Occasionally anomalies arise when connecting and operating USB peripherals. External hard drives, smartphones, flash drives, printers, tablet computers, digital cameras, and security cameras are among the USB-connected devices Mac users regularly operate but that can experience electrical issues. The first temptation is frequently to assume a software configuration or communication error is to blame, but sometimes electrical problems prove to be the culprit.
SEE: Secure equipment repair policy and confidentiality agreement (Tech Pro Research)
Micromat's USBee Circuit Tester enables determining when USB ports or connected peripheral problems are occurring due to power-related issues. The diagnostic device—a small white plastic box with a standard USB cable, digital readout, one button, a USB Type A port, and a micro-USB port—also can confirm whether common smartphone, tablet computer, and e-reader charging blocks are working properly.
The $29.99 USBee USB Circuit Tester plugs in line with USB devices connected to a Mac or a Windows system. The tester's digital readout displays the voltage the Mac or Windows system's USB port generates, typically 4.7 to 5.3 volts.
The output test also confirms whether the charging blocks mentioned earlier are functioning properly. The diagnostic information helps determine whether a digital device isn't charging properly due to a bad charger or a bad cable. On a few occasions I've encountered what I thought was a failed charging cable, only to figure out later the charging block was to blame. The USBee tester eliminates such confusion: If the charging block is passing 4 to 5 volts, it's likely the cable is to blame, whereas if the charging block isn't generating the proper electrical current, the cable may be fine, and the block probably needs replacing.
Because the USBee possesses both USB Type A and micro-USB ports, you can test USB peripherals to determine whether they are working properly electrically. When the USBee is connected to a Mac or a Windows machine, and a USB peripheral is connected to the USB diagnostic tool's Type A USB or micro-USB port, the device begins displaying amperage and tracks milliamp hours for the connected peripheral.
When the USBee detects voltage outside the 4.7 and 5.3 volt range, the screen flashes and an up or down arrow will appear to alert the tester that electrical values are falling, respective to the arrow, outside the typical range. Testing data can also be saved to memory by double-pressing the device's lone button. Memory slots are cleared by double-pressing the button and then holding the button for three seconds.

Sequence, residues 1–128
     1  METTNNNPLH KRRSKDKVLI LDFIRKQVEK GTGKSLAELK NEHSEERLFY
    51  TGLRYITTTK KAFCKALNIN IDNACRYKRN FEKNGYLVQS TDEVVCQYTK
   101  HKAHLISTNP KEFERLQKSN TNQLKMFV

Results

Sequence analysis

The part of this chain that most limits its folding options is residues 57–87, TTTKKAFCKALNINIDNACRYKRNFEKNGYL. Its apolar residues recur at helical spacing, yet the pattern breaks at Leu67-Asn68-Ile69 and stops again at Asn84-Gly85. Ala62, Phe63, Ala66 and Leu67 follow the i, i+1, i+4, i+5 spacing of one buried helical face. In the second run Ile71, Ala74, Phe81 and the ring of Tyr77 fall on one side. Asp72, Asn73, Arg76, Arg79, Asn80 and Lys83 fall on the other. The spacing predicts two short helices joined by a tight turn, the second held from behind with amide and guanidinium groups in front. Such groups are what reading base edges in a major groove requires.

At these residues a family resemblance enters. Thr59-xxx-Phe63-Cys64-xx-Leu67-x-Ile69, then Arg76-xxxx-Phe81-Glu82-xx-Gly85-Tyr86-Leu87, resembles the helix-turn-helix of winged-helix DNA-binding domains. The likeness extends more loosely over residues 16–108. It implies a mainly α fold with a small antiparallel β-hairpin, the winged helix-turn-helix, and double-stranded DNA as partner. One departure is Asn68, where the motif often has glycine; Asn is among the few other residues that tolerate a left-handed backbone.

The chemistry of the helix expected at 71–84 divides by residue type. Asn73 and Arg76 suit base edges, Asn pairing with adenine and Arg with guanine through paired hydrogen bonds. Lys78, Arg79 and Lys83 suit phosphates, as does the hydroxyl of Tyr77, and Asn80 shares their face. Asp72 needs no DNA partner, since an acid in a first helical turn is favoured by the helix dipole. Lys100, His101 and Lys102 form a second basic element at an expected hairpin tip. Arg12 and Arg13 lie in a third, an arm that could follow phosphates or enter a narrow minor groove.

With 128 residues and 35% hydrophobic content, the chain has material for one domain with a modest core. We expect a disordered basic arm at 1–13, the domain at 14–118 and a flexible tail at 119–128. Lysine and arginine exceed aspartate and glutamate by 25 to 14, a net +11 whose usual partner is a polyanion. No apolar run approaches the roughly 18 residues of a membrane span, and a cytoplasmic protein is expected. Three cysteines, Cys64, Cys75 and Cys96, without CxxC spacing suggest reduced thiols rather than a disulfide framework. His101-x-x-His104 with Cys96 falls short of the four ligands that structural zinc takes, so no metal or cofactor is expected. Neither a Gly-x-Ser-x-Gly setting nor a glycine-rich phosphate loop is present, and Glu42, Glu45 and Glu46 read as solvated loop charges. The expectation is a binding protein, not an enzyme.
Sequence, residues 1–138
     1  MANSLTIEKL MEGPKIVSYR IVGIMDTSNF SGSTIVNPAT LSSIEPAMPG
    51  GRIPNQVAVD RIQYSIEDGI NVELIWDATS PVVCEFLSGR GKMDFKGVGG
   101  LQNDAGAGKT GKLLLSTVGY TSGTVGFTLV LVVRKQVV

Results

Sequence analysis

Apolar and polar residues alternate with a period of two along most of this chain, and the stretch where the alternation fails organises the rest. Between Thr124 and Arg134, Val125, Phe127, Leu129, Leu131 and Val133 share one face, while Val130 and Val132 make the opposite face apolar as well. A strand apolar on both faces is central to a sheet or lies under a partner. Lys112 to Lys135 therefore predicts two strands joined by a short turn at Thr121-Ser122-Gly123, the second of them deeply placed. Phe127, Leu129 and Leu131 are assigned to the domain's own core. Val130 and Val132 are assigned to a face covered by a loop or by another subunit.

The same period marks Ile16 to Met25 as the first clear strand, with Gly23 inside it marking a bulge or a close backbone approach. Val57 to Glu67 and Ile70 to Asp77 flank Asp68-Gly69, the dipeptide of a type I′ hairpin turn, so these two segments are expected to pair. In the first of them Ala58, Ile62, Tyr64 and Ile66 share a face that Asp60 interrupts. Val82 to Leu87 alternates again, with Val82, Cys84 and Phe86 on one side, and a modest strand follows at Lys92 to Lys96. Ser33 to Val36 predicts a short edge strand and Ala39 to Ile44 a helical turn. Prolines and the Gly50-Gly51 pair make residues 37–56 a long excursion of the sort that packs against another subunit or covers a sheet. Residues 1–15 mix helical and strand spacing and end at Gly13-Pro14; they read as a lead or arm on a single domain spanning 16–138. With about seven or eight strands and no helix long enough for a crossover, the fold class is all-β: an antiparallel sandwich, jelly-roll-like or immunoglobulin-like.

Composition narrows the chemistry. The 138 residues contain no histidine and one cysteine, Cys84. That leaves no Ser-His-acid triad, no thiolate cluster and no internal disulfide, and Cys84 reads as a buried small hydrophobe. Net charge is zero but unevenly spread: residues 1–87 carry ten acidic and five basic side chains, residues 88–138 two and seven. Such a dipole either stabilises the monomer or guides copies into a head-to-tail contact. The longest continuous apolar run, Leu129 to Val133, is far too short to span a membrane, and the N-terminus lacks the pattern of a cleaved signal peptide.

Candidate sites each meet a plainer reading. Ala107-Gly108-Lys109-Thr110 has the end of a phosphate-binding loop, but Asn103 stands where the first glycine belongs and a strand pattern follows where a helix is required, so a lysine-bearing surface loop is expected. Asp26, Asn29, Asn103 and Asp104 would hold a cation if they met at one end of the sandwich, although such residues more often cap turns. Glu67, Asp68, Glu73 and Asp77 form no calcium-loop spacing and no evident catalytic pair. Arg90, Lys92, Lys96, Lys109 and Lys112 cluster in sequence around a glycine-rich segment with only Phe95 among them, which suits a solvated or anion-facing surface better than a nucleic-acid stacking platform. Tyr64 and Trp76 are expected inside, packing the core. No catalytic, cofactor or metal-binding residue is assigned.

While it's unlikely that iPhone, iPad, and Mac users will often find connected peripherals experiencing power anomalies, the USBee can help detect a failing logic board, which is more common.
The device's greatest advantage is its ability to confirm whether charging blocks are operating properly. That feature alone, combined with the simplicity of operation—just connect the tester to a charging block and view the display—justifies the device's expense.
- How to decipher error codes in Apple Hardware Test or Apple Diagnostics (TechRepublic)
- Recover lost Mac files and directories in a snap with Disk Drill (TechRepublic)
- Learn to troubleshoot power supply problems (TechRepublic)
- Netspot packs multiple wireless troubleshooting tools in one app (TechRepublic)
- How to navigate Apple's repair and support programs using these quick tips (TechRepublic)
- Apple slashes adapter prices to ease MacBook Pro port pain (ZDNet)
Erik Eckel owns and operates two technology companies. As a managing partner with Louisville Geek, he works daily as an IT consultant to assist small businesses in overcoming technology challenges and maximizing IT investments. He is also president of Eckel Media Corp., a communications company specializing in public relations and technical authoring projects.